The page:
Last Sunday, the beautiful woman on TV, the soldier home from Iraq with shrapnel still deep in her brain, said doctors gave her one chance in a hundred to wake, one in a thousand to do more than bob and babble. And here she was, radiantly amazed, smiling sweetly.
Somebody had to be the one, she said.
Why couldn’t I do it?
In a tent, in a field hospital outside Baghdad, Jodee Beddia’s surgeon cut a piece of bone from her skull so her swelling brain wouldn’t kill her.
Sewed it inside my abdomen, she said.
To keep the bone alive. So nobody would lose it. Jodee Beddia flew home in a coma.
Now the bone is back in her head — she’s stapled and sutured.
Pain, yes, always. Like light, she says,
cutting through me. She traces a line from between her eyes, up over the crown, through both temples. She smiles.
It’s only pain, a friend if you call it that, not so bad to be awake, alive today to feel it.
The chickadee comes to the feeder. Even now, so close to twilight! Less than half an ounce of feather and hollow bone, ten drops of blood, heart smaller than a fingernail — yet she survives all night, every night, all winter.
One bright day last fall, thirteen-year-old Rosanna Rios arrived at the hospital in time to give her heart and lungs — liver, spleen, pancreas, kidneys. In time to surrender her perfectly clear corneas and twenty-six inches of unscarred skin to save the lives, restore the sight, heal the burns of seven others.
Why should a sixty-nine-year-old man receive the heart of a child?
Rescuers find one bruised baby in a field of tall grass, alive and unafraid after a tornado, this one of nine hundred lifted up and set down, everything destroyed around her.
The tanager swoops tree to tree, gold and orange, black-winged, silent. Frogs chirp at dusk, and swallows dive, catching insects. Everything loves life: bird, child, fish, mosquito — you hear the fluttery
whooshof your own heart:
Let your body rise.Let the wind blow through you.
You will die. But not tonight. Tonight the whole world is here alive inside you, everything you’ve loved and lost: the white horse haloed in morning light; your child; your father; violet pansies blooming under snow, the ones you found in your mother’s garden.
The thrush hidden in the woods holds one shimmering note so bright and clear you think the bird will shatter — and then it does shatter: into a heart-sparking ripple of song that splits down your bones and bursts from your body.
You speak now because you too are shattered, because the heart breaks, and breaks open. The people whose stories you hear, the miraculous beings you encounter, have fallen inside, and now, before you die, you hope to learn to love them. Imagining their lives is the path you walk to do this.
I believe storytelling is a human impulse, not a choice, but a necessity. Unlike the old idea that memories are “wired” in the brain, synapses seared for (almost) all time, current research indicates that “reactivating a memory destabilizes it, putting it back into a flexible, vulnerable state.”
In other words, every time you remember an episode of your life, you are reinventing it: embellishing, deleting, altering it through fusion and imagination.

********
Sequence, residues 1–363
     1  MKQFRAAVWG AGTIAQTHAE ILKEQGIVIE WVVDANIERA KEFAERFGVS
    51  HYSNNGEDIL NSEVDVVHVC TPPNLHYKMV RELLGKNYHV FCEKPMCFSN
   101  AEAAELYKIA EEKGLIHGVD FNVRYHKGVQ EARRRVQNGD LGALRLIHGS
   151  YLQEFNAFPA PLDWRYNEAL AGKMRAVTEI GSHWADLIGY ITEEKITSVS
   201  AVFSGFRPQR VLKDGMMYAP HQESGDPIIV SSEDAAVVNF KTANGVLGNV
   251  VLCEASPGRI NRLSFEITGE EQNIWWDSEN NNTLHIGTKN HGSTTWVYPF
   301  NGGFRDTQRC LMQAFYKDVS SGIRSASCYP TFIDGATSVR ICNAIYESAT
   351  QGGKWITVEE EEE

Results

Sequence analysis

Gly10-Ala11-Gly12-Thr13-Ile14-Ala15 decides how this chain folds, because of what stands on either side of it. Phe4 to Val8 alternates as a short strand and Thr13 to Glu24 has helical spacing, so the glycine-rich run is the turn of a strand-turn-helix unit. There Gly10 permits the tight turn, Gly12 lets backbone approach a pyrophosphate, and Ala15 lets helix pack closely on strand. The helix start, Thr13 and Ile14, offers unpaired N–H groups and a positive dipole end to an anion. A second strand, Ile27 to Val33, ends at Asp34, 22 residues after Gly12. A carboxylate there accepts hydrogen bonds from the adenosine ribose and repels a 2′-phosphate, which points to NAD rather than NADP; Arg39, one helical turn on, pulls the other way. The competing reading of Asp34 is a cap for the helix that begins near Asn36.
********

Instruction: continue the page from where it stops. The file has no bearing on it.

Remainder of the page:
If you cannot imagine, you cannot remember.
There is no such thing as “I.”
Re-membering is transformation!
Every person in this room is a storyteller.
Our memories are shifting collages, narratives spun from fragments, a ceaseless flow of images and associations, an explosion of sensory impressions, a web so splendidly complicated we have no hope of translating experience into language.
Yet we persist in trying to do so.
Every living being, human and more-than-human, is an infinite mystery.
Every moment of love is filled with the love of a lifetime.
Now, as I speak, some memory has come back to you. Now, in your own mind, you are inventing a story.
In Camera Lucida, Roland Barthes described the studium and punctum of a photograph. There are elements of composition and subject matter the photographer chooses consciously or deliberately. This is the
And there are elements that pierce the frame by chance. For instance, the photographer is “shooting” Nicaraguan soldiers, and two nuns pass by in the background. This is the
punctum, the unplanned, unchoreographed moment the photographer sees (gasping, no doubt, in wonder) and records. Barthes says the “adventure” of this photograph comes from the co-presence of these disparate elements.
Now, as you enter the adventure of your own memories, leave space for the unplanned, the unexpected, the piercing impressions that shatter the frames of individual lives.
Every story offers you the possibility of transcendence, the opportunity to imagine, to love the ones who have stepped into your frame and forever altered your experience.
We speak because we will die; but while we breathe on this earth, every moment is eternal.
- “Out of the Past,” by Kathleen McGowan. The Best Science and Nature Writing 2010.
- Camera Lucida, by Roland Barthes.
- Mother Teresa:
Lord, let my heart break open wide enough for the whole world to fall inside.
- “The Red Poppy,” by Louise Glück in The Wild Iris.
The first five sections of this piece are available online under the title “Five Reasons to tell a Story in 2011.”
The seven-part version of “The Heart Breaks and Breaks Open” appears in Glimmer Train Bulletin 56.
Melanie Rae Thon is the author of Silence & Song (2015) and The Voice of the River (2011) from FC2.